Nearly 63 years ago, the Social Security Disability Insurance program was signed into law. But how did we get there? In honor of the upcoming anniversary of the program’s passage, we take a look at how it all began.
The Creation of Social Security
U.S. social workers and social scientists advocated for insurance that would protect Americans from illness, unemployment, old age and work-related injuries. European countries had already established programs protecting its citizens, and movements sprang up in the United States for this cause.
In response to growing pressure, in 1934, President Roosevelt created the Committee on Economic Security. Chaired by his Secretary of State, Frances Perkins, the committee created a report outlining legislation for a social security program.
Ironically, the report mentioned how illness is a major factor in economic instability, but no clear recommendations were made for disability legislation at that time.
The findings in the report established the basis of the Social Security Act, which was signed by Roosevelt in 1935. The Social Security Board (now known as the Social Security Administration) was established the same year.
It wasn’t until more than two decades later when the Social Security Disability Insurance program was established in 1956. Let’s take a closer look at some of the highlights on the road to creating the federal disability program.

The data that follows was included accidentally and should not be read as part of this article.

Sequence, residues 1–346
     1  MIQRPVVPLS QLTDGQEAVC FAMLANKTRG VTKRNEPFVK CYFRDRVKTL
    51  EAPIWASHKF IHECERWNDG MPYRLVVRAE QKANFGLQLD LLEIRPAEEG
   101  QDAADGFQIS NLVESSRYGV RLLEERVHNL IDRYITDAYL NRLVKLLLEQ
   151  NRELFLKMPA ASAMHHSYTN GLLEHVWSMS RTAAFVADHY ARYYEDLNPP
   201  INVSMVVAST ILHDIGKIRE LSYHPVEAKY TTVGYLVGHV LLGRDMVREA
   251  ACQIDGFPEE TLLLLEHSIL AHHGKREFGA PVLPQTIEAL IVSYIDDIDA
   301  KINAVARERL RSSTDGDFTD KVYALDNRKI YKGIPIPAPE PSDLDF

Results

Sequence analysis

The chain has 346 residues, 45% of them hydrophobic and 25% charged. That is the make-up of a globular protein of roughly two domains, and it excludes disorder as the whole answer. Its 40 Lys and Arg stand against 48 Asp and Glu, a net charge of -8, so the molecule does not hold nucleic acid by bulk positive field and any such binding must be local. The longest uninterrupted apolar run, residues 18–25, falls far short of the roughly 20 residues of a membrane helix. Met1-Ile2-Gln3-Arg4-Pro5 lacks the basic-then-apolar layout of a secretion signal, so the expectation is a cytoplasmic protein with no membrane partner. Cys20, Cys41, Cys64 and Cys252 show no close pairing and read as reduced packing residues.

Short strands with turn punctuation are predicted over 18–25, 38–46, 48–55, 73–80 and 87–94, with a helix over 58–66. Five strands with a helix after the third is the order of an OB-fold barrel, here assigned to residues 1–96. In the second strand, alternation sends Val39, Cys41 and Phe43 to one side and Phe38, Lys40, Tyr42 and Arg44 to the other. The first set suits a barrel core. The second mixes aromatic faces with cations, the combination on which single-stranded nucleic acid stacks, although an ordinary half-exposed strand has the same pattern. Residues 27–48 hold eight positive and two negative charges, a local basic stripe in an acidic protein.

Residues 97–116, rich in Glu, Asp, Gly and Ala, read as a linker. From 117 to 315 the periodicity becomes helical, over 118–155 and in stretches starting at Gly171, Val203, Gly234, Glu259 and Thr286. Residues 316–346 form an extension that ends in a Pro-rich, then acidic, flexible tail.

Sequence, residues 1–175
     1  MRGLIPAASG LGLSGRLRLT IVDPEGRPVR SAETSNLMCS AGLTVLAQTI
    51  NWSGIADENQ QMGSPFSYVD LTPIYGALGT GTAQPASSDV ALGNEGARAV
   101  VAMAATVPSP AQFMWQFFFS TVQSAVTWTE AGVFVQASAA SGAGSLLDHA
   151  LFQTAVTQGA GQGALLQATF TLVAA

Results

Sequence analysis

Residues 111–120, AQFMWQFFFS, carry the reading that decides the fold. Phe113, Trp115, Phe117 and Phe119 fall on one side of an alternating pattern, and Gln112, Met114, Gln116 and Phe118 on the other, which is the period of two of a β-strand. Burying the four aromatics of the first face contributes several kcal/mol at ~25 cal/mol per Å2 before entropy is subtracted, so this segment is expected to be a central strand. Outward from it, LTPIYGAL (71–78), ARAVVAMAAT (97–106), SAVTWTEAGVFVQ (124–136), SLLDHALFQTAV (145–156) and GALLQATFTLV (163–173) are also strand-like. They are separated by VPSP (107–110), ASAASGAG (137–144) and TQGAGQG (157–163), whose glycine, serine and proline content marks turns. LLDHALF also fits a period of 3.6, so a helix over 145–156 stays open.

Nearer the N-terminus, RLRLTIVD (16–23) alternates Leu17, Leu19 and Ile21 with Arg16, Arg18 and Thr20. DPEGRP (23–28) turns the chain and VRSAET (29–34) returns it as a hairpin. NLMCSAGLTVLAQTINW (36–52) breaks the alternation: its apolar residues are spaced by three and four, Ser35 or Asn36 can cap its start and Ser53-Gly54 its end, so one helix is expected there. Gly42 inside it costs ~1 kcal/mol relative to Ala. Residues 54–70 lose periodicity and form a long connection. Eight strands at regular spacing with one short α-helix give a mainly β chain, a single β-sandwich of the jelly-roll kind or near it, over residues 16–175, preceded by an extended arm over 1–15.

Making the Case for the Impact of Disability & Economic Challenges
Leading up to its establishment, many key figures fought to pass disability benefits.
Economist Edwin E. Witte led the Social Security Administration’s Advisory Council. In a 1938 report, he argued that benefits should be available for Americans who become permanently disabled before 65, and that the benefits should also be available for their dependents.
In an Advisory Council report in 1948, council members stated that up to 2 million Americans suffer from disabilities on any given day, which made it impossible for them to work and provide for their families. They reasoned that the economic challenges of disabilities were far greater than those of old age.
Aid to the Permanently and Totally Disabled
Arthur Altemeyer, the leader of the SSA for nearly twenty years, made various proposals about the disability program during his time as a leader. In 1949, he proposed a federal disability insurance program to the House Ways and Means Committee. A variation of the legislation passed as the Aid to the Permanently and Totally Disabled, and only provided federal grants to states to oversee the program.
The Disability Freeze – Protecting Disabled Workers’ Social Security Benefits
In 1952, Altmeyer created the idea of the disability freeze, which protected workers’ who were forced to leave the workforce due to a disability. Under the freeze, disabled workers could still collect social security benefits at the normal retirement age.
In 1954, the freeze was supported by the Eisenhower administration and passed. The freeze defined disability as “the inability to engage in substantial gainful activity due to a medically determinable physical or mental impairment that could be expected to result in death or to be of long-continued and indefinite duration.”